John Deere strikes cushy deal with Ford on soy foam


DEARBORN, Mich. — Farmers could soon bring in the harvest using equipment made with their own crops, thanks to collaboration between Ford and John Deere.

The two companies have agreed that Deere will further develop and manufacture Ford’s soy-based flexible foam for seating materials in tractors, riding mowers and other equipment.


Ford first introduced soy-based polyol to the auto industry in the seat backs and seat cushions of the 2008 Ford Mustang. The 2008 Ford F-150, Expedition and Lincoln Navigator now also feature this ecofriendly technology, with the next application coming on the 2009 Ford Escape.

Meanwhile, Deere has used soy-based products for body panels on some farm equipment.

Ford will work with John Deere and its seat supplier, Sears Manufacturing Company, to bring this greener alternative to traditional seat foam to fields and even back yards nationwide.

Ford’s soy-based foam will be developed for use in the seat backs, seat cushions, arm rests and head rests of John Deere equipment, which is used in agriculture, forestry, construction and lawn and turf care.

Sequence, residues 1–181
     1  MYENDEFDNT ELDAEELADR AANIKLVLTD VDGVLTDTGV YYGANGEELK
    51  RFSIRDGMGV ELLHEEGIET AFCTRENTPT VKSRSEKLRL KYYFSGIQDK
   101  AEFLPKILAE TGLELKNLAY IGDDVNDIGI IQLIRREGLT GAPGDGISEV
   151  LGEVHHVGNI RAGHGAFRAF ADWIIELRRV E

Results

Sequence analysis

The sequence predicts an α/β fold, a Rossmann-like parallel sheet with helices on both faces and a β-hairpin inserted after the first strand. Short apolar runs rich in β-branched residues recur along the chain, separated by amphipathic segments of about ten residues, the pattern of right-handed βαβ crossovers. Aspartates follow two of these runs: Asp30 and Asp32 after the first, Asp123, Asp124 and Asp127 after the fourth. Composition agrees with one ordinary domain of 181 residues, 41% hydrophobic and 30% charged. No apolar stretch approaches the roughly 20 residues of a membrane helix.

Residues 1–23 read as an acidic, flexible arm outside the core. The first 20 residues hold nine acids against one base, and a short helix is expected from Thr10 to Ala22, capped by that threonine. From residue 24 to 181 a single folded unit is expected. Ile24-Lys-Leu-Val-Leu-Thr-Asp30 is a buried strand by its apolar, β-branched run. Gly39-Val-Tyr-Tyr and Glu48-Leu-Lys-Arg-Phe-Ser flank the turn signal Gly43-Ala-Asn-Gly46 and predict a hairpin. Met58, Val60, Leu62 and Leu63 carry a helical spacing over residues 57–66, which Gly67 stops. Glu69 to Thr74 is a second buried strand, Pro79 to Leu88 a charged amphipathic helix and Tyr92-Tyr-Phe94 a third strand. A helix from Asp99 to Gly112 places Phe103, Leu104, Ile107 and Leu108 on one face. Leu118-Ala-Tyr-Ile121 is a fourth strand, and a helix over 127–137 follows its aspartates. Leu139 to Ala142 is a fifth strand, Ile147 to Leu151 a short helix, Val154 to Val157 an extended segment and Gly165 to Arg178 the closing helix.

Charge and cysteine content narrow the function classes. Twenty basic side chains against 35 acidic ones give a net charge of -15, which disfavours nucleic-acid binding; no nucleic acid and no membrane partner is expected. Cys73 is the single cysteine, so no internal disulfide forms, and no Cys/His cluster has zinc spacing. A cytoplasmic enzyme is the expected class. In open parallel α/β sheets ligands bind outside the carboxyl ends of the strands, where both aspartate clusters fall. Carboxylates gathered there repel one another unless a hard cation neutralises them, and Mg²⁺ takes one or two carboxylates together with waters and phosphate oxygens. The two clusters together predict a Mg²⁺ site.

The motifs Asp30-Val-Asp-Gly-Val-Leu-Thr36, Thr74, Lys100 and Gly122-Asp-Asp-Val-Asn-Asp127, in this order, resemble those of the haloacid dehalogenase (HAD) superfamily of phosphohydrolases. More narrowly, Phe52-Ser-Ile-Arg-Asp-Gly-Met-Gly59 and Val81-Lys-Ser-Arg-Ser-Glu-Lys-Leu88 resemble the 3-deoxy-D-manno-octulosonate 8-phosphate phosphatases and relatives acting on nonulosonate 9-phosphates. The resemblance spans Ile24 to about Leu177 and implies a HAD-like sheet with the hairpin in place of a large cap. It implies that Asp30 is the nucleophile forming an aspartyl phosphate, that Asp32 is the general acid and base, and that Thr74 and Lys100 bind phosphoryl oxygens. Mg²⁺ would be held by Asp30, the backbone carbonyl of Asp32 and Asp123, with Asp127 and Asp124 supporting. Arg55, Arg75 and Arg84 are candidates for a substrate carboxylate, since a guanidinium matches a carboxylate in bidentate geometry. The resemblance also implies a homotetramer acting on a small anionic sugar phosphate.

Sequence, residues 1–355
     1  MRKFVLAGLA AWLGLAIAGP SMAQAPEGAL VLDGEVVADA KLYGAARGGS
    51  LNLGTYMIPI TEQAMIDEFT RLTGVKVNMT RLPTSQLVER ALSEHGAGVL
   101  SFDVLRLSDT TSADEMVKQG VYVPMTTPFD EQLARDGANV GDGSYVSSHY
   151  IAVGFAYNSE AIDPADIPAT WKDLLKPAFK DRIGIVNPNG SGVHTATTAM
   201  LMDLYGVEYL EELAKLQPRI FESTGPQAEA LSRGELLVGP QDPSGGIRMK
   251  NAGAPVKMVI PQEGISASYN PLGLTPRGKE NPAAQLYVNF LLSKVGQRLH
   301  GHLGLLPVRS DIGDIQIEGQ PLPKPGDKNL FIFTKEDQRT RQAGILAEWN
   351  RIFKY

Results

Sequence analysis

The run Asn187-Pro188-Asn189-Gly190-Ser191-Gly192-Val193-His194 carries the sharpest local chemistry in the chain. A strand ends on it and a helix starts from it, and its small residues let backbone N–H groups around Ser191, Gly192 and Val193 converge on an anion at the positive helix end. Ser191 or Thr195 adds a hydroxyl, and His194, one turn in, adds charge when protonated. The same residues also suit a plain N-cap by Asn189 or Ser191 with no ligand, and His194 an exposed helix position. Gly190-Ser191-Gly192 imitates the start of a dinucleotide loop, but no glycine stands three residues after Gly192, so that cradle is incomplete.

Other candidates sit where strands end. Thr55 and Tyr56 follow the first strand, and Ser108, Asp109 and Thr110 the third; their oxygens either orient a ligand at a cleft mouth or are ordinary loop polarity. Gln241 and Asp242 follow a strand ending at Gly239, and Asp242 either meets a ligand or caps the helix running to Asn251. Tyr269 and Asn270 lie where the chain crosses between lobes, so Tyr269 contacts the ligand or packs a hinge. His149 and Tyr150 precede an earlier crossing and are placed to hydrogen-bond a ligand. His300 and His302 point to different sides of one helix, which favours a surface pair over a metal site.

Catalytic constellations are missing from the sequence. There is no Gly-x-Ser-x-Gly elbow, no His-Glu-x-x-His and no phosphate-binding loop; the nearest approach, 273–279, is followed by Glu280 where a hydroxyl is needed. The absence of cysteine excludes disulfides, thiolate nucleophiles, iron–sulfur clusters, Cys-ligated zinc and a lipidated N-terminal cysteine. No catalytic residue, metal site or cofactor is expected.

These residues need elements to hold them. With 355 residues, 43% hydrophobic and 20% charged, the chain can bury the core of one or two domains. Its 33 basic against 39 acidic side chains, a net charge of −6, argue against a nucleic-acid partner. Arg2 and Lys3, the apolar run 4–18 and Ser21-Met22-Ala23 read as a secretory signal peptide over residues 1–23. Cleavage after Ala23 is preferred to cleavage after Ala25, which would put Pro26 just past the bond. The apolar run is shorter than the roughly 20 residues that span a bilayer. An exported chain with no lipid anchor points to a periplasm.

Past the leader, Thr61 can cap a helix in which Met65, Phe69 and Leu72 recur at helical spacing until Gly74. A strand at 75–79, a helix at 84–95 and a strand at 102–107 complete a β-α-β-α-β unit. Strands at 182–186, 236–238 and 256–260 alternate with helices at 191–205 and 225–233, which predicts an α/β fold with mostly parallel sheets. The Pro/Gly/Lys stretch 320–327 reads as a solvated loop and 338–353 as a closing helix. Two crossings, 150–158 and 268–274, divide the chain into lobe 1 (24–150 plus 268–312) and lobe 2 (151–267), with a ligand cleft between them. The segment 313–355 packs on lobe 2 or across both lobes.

Sears Manufacturing also will work to incorporate the technology into Class V through Class VII medium and heavy trucks.

Other companies. Soy-based foam is just one of the technologies Ford Global Technologies, LLC is making available through licensing to companies such as John Deere for applications outside Ford.

Ford has a rich history in incorporating soy-based materials into its products. The Model T, for example, once contained 60 pounds of soybeans in its paint and molded plastic parts.

Now, Ford’s Plastics Research team has formulated the chemistry to replace a staggering 40 percent of the standard petroleum-based polyol used in seating materials with a soy-derived material.

According to the National Institute of Standards and Technology, soy-based products have only one-quarter of the level of total environmental impact of petroleum-based products.


Ford is working closely with the United Soybean Board to bring soy foam to the automotive market. The company is using 2.2 million pounds of soy foam in the 2008 Mustang alone.

Just based on that application, this green alternative is on track to deliver a carbon dioxide reduction of 605,000 pounds annually.

With more than 3 billion bushels of soy harvested in the U.S. each year, at a 20 percent soy foam inclusion rate, Ford could potentially use up to 844,000 bushels of soy throughout its product lineup annually.


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